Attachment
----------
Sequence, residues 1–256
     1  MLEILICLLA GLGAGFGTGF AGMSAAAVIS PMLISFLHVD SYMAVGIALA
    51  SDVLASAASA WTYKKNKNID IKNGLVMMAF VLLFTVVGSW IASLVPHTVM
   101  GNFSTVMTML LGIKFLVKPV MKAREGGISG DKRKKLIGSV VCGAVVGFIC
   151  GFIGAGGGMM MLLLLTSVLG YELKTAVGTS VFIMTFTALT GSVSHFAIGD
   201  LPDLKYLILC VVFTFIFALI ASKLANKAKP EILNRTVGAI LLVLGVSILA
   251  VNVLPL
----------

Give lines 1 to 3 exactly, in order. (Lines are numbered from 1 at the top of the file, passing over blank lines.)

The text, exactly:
Sequence, residues 1–256
     1  MLEILICLLA GLGAGFGTGF AGMSAAAVIS PMLISFLHVD SYMAVGIALA
    51  SDVLASAASA WTYKKNKNID IKNGLVMMAF VLLFTVVGSW IASLVPHTVM